“Let’s take off that cape, and put this hat on! And dance!”
“I know it hurts.”
A nurse said when she put the needle into my arm. I loved the words. I felt like that she understood it. My hurt. My pain. Not the pain caused by the blood draw but the one I had deposited layers by layers for years.
Between wound and scar, there is the pain. I wish there is a pain scale of mind that can show the inside hurt level. I would put that like a silk hat on the top of my head. And so, if people see the number of the hat, they would say. “Oh, my dear. How hurt you are!” As if they see a wound on the knee from the fall or something. I would love that. It would relieve some of my pain until my inner wound becomes a scar that I can be proud later or a pattern I can grope with memory. But there is no magic hat that shows the pain scale of the inner hurt.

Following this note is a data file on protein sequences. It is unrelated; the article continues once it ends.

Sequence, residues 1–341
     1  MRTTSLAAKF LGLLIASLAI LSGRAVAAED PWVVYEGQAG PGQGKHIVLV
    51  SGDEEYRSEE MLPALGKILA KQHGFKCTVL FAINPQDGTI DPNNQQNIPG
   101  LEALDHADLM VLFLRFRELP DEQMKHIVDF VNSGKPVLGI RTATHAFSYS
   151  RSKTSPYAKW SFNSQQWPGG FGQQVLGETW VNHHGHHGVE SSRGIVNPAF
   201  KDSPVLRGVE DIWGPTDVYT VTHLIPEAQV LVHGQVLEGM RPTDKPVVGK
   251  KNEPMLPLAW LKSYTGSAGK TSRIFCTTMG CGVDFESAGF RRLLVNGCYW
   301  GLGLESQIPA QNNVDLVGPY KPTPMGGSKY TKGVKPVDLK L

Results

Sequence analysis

Instead, there is a cape, which can wrap the hurt of the heart not to show to anyone. The fabric is thick and heavy. Putting on that cape makes my neck and shoulders ache. It absorbs the fresh blood from the wound of my heart and leaves the big round dark spots on the surface. As the cape gets heavier, I drag it along with the trail of the dark blood looking like depression. It would make my mind trip more and impose the higher number of my pain scale inside. It is the trick of the cape that keeps the number always high and makes itself useful.